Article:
Army

Reduced toxicity, slow-rate pyrotechnic strobe composition

A pyrotechnic that pulses only once per minute while also being less toxic and more environmentally friendly

Materials Military Technology

Scientists at the U.S. Army’s CCDC Chemical Biological Center have recently invented a reduced toxicity chemical composition that flashes on and off at an extremely slow rate that can be used for flares, stun grenades, and other devices. The patented technology is available via patent license agreement to companies that would make, use, or sell it commercially.

Army photo

The most common composition that creates a pyrotechnic strobe effect includes potassium dichromate, a highly toxic material to both humans and the environment. In addition, strobe mixtures typically produce about five pulses per second due to the speed of the chemical reaction. Creation of a composition with a slower pulse rate has proved difficult and unreliable.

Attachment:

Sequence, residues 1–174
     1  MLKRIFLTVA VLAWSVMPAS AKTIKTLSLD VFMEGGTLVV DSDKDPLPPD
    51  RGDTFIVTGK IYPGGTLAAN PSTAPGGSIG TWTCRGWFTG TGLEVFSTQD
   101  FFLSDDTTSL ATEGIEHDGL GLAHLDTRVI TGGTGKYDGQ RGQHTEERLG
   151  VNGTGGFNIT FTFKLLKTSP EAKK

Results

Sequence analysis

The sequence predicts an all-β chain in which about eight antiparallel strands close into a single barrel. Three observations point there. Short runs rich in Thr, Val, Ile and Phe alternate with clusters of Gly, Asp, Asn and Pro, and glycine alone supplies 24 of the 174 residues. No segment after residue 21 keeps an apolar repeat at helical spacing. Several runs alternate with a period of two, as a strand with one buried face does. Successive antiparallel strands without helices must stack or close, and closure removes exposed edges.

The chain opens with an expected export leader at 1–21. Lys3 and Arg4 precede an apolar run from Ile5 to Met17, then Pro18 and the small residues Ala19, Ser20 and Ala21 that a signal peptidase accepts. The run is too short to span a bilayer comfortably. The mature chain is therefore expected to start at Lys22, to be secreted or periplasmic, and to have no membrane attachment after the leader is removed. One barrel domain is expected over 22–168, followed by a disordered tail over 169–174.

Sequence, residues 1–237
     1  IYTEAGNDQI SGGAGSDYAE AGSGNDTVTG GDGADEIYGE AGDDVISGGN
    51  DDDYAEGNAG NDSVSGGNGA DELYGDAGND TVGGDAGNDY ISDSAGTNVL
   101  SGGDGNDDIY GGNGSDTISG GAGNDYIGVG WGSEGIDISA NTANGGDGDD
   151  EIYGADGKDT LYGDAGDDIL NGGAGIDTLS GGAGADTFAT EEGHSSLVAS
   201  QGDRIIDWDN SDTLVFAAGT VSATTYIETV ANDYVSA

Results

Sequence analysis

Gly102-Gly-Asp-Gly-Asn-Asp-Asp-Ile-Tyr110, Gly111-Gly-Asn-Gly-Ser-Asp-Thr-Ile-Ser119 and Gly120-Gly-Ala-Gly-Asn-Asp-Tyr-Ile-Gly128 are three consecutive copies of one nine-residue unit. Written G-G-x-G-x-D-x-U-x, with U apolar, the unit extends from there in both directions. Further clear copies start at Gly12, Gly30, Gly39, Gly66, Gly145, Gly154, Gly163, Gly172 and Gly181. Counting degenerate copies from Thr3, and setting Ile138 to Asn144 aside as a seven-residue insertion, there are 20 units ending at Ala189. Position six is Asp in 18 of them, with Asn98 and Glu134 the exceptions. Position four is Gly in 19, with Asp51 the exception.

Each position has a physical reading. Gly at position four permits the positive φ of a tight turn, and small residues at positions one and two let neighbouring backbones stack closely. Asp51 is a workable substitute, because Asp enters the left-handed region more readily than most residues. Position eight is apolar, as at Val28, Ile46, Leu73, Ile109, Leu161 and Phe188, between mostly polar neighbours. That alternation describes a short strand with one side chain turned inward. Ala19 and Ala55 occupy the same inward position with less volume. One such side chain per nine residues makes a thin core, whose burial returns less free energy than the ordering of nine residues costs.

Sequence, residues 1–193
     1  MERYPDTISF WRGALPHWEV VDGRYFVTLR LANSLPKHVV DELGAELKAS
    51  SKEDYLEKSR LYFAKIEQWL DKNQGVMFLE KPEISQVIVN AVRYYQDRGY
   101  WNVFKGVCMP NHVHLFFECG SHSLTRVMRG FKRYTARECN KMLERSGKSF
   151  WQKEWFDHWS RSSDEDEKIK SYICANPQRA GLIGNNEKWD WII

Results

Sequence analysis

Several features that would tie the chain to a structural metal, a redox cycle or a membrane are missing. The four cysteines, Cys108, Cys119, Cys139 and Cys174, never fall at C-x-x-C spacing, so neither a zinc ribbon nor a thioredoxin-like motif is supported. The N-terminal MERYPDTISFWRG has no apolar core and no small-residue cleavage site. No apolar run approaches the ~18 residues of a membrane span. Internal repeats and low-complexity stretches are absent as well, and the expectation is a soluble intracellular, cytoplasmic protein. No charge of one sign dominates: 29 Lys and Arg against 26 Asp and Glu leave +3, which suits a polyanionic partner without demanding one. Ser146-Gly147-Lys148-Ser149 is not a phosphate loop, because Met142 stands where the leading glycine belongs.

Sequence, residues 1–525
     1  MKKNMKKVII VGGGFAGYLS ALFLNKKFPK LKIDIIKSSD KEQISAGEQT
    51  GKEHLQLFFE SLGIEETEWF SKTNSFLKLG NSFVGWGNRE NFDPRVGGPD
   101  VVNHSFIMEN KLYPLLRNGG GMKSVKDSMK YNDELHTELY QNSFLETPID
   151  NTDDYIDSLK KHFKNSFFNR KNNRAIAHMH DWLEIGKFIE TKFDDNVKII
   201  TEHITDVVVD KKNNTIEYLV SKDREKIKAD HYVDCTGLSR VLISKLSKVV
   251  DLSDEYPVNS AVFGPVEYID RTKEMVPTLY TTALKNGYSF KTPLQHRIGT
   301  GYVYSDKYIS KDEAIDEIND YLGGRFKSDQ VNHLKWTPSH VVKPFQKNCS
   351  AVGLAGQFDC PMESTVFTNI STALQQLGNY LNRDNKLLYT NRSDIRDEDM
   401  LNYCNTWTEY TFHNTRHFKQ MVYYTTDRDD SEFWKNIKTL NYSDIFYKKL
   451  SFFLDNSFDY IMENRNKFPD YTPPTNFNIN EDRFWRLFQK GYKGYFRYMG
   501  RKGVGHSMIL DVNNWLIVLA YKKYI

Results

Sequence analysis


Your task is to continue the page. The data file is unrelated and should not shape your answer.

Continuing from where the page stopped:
Army researchers have addressed both of these limitations by developing a new pyrotechnic strobe composition that pulses only once per minute while also being less toxic and more environmentally friendly than conventional strobe formulations. The chemical reaction includes a three component system — sodium nitrite as the oxidizer, and magnalium and sulfur as the fuels — that results in two competing reactions to produce a bright strobe flash. The composition can be inserted into the canister of a flare, a grenade, a smoke pot, mortar or an artillery round.

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